The Good Rats
|This article needs additional citations for verification. (July 2013)|
|The Good Rats|
|Origin||Long Island, New York, United States|
|Genres||Rock, blues, hard rock|
|Labels||Kapp, Warner Bros., Platinum Records, Passport Records, Radar, Mondo Records, Fireball Records, Uncle Rat Music|
Michael A. Brenna
|Past members||Peppi Marchello (died 2013)
Mike Raffinello (died 2014)
The Good Rats are an American rock band from Long Island, New York. Their music mixes elements of rock with blues and pop. They are best-known on their native Long Island, although they had some success nationally and internationally.
Formed in 1964, the original group consisted of five students from St. John's University, Queens, New York: Ted Haenlein, Frank Stapleton, Eric Crane, Denny Ryan and Peppi Marchello. The group was originally called the U-Men and played most of their gigs in the Rockaways (Peyton Place & McNultys) and Long Island (The Attic, Tiger's Tail etc.)
In 1966, Stapleton's brother, John, arranged for the group to play at a club in Queens, New York (The John Doe Room) where a record company executive heard them and eventually signed the band, but suggested a name change was in order. The band continued to play top 40 covers while working on their own original music. During the latter part of the sixties, the composition of the band changed. By 1968, Eric, Frank and Ted (drafted and went to Vietnam, but did rejoin the group from 1970–72) were gone, replaced by Peppi's brother, Mickey, Art Fahey (bass), and Jim Roberge (organ).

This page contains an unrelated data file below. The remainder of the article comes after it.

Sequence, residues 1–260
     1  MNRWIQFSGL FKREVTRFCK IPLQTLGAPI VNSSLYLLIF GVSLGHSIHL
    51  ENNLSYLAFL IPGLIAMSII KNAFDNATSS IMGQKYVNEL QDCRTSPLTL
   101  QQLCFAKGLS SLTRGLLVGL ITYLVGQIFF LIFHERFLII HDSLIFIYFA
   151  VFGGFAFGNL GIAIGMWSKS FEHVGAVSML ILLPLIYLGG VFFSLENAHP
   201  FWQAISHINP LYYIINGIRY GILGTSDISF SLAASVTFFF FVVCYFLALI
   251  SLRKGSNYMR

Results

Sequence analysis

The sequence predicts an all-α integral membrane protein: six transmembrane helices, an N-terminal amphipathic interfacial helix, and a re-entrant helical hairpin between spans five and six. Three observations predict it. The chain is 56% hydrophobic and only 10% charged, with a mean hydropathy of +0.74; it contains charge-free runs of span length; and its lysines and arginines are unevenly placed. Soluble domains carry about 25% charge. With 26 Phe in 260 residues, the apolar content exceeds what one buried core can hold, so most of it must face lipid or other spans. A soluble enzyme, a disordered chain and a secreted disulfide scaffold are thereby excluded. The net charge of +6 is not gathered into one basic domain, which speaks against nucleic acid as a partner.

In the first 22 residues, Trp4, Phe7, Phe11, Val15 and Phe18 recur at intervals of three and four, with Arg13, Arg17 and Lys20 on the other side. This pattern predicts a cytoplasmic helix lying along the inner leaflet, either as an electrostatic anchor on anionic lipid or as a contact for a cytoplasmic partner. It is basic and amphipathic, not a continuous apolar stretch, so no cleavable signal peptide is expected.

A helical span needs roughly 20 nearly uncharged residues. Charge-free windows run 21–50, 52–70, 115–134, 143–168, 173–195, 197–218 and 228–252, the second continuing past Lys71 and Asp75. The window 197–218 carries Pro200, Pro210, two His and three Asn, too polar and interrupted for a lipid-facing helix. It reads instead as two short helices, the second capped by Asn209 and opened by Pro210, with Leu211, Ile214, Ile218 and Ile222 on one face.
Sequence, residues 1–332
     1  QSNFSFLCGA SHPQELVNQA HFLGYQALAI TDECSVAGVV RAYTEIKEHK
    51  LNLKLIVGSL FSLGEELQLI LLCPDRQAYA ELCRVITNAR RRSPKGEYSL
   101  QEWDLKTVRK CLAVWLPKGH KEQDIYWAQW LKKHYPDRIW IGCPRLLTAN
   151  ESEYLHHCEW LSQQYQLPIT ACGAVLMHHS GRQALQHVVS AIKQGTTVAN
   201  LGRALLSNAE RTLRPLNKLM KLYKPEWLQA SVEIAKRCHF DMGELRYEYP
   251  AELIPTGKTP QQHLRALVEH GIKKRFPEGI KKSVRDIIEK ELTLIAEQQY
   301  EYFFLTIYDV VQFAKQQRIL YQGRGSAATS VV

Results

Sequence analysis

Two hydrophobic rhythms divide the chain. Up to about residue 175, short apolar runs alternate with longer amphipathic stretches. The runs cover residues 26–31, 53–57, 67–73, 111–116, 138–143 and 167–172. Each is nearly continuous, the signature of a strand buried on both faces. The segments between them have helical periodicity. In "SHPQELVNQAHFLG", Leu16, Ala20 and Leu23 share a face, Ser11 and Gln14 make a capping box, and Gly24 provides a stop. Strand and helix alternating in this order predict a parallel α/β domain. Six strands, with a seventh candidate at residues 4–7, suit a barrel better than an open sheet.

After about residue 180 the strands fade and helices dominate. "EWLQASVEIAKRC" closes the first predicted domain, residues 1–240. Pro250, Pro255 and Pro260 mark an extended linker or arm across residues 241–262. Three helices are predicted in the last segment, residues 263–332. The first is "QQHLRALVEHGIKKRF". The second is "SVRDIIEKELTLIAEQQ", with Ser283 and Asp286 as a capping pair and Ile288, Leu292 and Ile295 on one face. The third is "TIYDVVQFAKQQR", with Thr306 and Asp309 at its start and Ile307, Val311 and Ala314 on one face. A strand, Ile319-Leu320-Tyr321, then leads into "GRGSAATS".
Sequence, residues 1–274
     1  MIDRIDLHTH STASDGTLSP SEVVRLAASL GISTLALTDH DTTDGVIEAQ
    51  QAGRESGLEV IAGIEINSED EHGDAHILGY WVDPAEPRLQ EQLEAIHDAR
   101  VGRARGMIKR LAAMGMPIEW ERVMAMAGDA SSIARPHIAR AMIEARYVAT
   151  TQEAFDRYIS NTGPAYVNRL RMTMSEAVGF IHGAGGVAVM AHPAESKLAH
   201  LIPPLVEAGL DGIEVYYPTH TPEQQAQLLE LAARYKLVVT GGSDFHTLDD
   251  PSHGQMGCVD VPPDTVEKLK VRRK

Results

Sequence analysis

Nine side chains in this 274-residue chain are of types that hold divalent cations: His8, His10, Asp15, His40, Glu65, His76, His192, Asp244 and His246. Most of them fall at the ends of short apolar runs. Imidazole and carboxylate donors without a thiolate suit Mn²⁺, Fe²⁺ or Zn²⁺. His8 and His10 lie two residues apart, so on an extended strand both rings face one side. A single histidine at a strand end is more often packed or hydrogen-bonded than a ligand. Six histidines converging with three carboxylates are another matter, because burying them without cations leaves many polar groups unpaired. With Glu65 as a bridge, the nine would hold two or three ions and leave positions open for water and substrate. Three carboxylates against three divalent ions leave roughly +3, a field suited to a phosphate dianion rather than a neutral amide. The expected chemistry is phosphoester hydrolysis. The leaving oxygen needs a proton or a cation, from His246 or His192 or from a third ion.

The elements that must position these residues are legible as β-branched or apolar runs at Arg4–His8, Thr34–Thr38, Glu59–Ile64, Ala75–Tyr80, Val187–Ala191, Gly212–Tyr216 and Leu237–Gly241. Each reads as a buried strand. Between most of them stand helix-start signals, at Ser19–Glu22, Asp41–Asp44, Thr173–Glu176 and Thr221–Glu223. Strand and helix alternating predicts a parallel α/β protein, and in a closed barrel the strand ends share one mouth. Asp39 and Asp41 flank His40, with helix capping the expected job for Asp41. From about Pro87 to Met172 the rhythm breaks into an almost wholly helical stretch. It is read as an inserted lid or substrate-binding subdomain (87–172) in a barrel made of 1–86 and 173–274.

In 1969, the band released their first album, the self-titled The Good Rats which had cult popularity with New Yorkers local and transplanted when it launched. Two of its more memorable cuts are the intro song: "We Are The Good Rats" where the band members sing the "hello-hello-hello" greeting used by the 3 Stooges; and the landmark "Joey Ferrari", a proto-punk song ("Joey Ferrari, though you're from the poor side, don't give you no right to go wild"). In 1972, the line-up changed, with guitarist Mike Raffinello, bass player Lenny Kotke and drummer Joe Franco joining the Marchello brothers. John "The Cat" Gatto replaced Raffinello shortly thereafter. The Good Rats continued to build a following, playing Long Island's thriving club scene, along with other groups, such as Twisted Sister and Zebra. From 1970-early 1972 the band consisted of Peppi, Mickey,Teddy (guitar) John(bass) and Charlie Zarou (drums)they played weekly The Baldwin Manor, Back Alley Sallys (of which Peppi took on a partnership of the bar)The Rats doing cover tunes, adding originals in, till originals were primarily asked for, during this time songs such as Gino, Hour Glass, Injun Joe, Mean Mother,Yellow Flower , were heavily requested by a fan base that continued to grow rapidly. A rare studio recorded LP , recorded and mastered at Echo Studios, East Meadow, used for shopping the band to record companies had some other great tunes, that were crowd favorites, and until the time of his passing Peppi was asking former members of the lineup for the masters so he could re record long forgotten songs In 1974, the Good Rats released their best-known and most popular album, Tasty. It featured a blend of hard rock and blues, highlighted by Marchello’s raspy vocals. Various songs from this record, including “Injun Joe”, “Papa Poppa”, a rock ode about cults, the autobiographical numbers “Back to My Music” and “The Songwriter”, and the blues title track, received airplay around the country on FM radio. During the following years, the Rats performed at venues such as Madison Square Garden, The Philadelphia Spectrum, The Nassau Coliseum, The Hammersmith Odeon in England, and New York’s Central Park, as well as showcase rooms such as The Bottom Line (Manhattan), My Father’s Place (Roslyn, New York), Whiskey a Go Go (Los Angeles) and The Paradise Room (Boston). They headlined or opened for bands such as Rush, Journey, Kiss, Meat Loaf, Aerosmith, Ozzy Osbourne, The Grateful Dead, Bruce Springsteen, The Allman Brothers Band, and Styx.